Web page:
Fellowship in aid of Gogo

2018-07-05 06:01
Elderly Elsie Gayiya (black jersey) received food parcel from the members of United Methodist Church Youth Fellowship in Lower Crossroads. Sitting next to her is Sylvia Nontange (her friend). PHOTO: UNATHI OBOSE

Elderly Elsie Gayiya (black jersey) received food parcel from the members of United Methodist Church Youth Fellowship in Lower Crossroads. Sitting next to her is Sylvia Nontange (her friend). PHOTO: UNATHI OBOSE

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Members of the United Methodist Church Youth Fellowship (UMCYF) in Lower Crossroads donated food parcels to a needy family in the area last week.

The congregants, accompanied by senior members form the church, visited Elsie Gayiya in an attempt to show her love.

This after she had spent six months in hospital.

The 72-year-old suffers from arthritis and stays alone in her house.

President of the UMCYF, Ziyanda Tobie, described the surprise visit to the family as part of their programme.

“One of our programs is to visit vulnerable people and underprivileged homes to assist where we can.

“We chose this family after hearing of the plight of Mama Gayiya ... That she is staying alone and has no one to look after her.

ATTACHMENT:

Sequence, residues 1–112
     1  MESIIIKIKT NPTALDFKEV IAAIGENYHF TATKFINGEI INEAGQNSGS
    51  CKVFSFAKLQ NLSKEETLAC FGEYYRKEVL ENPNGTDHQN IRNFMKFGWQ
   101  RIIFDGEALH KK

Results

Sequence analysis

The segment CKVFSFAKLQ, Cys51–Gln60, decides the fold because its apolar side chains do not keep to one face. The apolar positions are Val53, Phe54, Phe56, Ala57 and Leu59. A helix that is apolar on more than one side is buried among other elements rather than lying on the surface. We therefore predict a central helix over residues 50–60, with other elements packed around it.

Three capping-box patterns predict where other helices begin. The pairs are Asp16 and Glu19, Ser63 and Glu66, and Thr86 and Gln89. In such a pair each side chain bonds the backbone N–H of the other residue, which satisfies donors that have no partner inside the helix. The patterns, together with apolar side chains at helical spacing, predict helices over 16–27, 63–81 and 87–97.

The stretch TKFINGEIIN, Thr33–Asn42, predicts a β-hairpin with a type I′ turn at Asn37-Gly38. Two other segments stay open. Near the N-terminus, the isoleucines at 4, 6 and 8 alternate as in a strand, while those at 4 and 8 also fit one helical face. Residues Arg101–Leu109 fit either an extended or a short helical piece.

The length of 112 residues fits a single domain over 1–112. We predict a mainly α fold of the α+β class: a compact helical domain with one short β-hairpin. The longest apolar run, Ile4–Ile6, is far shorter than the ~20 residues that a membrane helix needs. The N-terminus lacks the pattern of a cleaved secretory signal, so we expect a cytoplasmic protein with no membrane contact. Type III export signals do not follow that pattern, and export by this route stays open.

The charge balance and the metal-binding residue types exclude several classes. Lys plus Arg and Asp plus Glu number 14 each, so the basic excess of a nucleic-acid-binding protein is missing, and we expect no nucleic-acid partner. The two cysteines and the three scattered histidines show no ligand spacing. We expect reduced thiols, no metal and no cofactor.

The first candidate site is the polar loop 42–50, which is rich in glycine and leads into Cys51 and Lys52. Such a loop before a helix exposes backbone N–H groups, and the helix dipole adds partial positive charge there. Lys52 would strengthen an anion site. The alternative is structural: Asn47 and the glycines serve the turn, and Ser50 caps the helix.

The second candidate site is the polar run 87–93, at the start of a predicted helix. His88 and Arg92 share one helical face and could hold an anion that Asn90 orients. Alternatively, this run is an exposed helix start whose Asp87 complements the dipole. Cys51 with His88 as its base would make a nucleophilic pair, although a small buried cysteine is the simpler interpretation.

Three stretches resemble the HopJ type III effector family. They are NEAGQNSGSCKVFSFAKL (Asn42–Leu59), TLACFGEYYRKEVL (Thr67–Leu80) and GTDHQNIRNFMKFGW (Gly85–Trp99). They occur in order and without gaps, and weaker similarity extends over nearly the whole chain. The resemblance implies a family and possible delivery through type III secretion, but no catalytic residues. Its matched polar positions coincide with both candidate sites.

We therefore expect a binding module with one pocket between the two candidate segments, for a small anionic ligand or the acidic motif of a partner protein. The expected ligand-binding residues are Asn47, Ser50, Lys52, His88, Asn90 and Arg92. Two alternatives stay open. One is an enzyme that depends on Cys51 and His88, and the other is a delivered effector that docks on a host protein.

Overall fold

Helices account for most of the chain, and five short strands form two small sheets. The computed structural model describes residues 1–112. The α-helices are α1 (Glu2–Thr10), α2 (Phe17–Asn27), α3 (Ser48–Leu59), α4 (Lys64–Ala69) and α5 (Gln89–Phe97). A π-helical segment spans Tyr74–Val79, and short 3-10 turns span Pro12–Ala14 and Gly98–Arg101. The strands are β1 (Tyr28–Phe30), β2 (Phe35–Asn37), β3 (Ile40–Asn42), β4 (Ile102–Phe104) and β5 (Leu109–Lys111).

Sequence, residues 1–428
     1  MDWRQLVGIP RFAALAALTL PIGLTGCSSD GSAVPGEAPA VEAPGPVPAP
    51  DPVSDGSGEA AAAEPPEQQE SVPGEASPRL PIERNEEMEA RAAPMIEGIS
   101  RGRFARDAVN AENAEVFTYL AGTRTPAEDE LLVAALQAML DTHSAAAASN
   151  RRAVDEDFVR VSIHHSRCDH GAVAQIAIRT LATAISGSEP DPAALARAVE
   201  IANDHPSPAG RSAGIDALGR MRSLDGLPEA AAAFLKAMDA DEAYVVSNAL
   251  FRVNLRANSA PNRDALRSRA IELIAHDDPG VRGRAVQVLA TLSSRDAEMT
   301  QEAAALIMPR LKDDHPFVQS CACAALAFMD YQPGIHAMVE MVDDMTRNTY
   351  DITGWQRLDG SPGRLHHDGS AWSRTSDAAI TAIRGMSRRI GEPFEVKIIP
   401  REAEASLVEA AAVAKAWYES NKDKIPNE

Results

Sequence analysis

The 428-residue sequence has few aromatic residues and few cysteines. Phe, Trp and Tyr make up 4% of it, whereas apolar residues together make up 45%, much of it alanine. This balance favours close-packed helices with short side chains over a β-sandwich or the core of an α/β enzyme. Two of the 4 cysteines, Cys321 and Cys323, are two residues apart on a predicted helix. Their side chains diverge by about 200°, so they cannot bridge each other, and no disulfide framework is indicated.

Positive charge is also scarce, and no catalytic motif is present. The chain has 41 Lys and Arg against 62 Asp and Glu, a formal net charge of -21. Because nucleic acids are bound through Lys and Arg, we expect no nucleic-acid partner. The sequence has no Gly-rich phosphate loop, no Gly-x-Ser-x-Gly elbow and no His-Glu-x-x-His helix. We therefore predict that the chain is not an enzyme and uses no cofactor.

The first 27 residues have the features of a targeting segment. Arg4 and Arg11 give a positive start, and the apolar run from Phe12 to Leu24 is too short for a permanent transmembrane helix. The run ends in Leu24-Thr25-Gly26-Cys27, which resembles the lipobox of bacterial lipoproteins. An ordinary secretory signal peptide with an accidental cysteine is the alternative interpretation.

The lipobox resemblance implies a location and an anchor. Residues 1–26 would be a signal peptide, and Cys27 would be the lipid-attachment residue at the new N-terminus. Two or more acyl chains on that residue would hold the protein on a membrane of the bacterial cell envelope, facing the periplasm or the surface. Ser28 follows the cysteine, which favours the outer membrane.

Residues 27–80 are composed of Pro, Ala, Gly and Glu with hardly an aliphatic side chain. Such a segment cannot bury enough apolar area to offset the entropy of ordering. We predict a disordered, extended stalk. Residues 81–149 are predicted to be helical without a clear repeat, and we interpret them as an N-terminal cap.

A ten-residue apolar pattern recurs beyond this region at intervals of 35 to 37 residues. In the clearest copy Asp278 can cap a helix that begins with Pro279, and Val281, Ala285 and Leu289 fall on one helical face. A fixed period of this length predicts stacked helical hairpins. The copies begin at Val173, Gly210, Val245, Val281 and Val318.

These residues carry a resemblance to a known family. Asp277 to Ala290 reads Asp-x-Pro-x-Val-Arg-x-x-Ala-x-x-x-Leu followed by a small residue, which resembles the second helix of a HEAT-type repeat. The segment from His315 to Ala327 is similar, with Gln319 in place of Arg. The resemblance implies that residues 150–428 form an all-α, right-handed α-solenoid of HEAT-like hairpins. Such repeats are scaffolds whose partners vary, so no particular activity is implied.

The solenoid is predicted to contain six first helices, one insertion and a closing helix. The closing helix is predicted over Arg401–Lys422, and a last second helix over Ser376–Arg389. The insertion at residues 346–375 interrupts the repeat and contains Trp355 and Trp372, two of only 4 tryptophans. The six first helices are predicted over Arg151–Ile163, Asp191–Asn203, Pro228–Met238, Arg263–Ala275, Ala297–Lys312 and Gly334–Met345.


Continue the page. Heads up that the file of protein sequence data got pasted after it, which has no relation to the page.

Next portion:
“So we thought of giving her something as a sign of showing love,” Tobie said.

Tobie added that they heard of Gayiya through a network of field workers in the church.

Tobie said other programmes run by the UMCYF include community services, world friendship, evangelism and recreation.

After receiving UMCYF donation, Gayiya thanked the congregants for their support and wished them all the best.

“I am so happy ... I didn’t expect this to happen. I wish God can protect them all the time,” she said.

Gayiya survives on old age pension.

She has five children, all of whom stay in their own houses.

“They visit sometimes, but most of the time I am staying alone.

“I am depending to my neighbours because are they are the ones looking after me,” she said.

Gayiya’s friend and neighbour, Sylvia Nontsange, said they spend most of their time together.

“I visit her every day. She is like a sister to me.

“When she is sick or sometimes struggling to stand up, I assist and lift her up,” said Nontsange.

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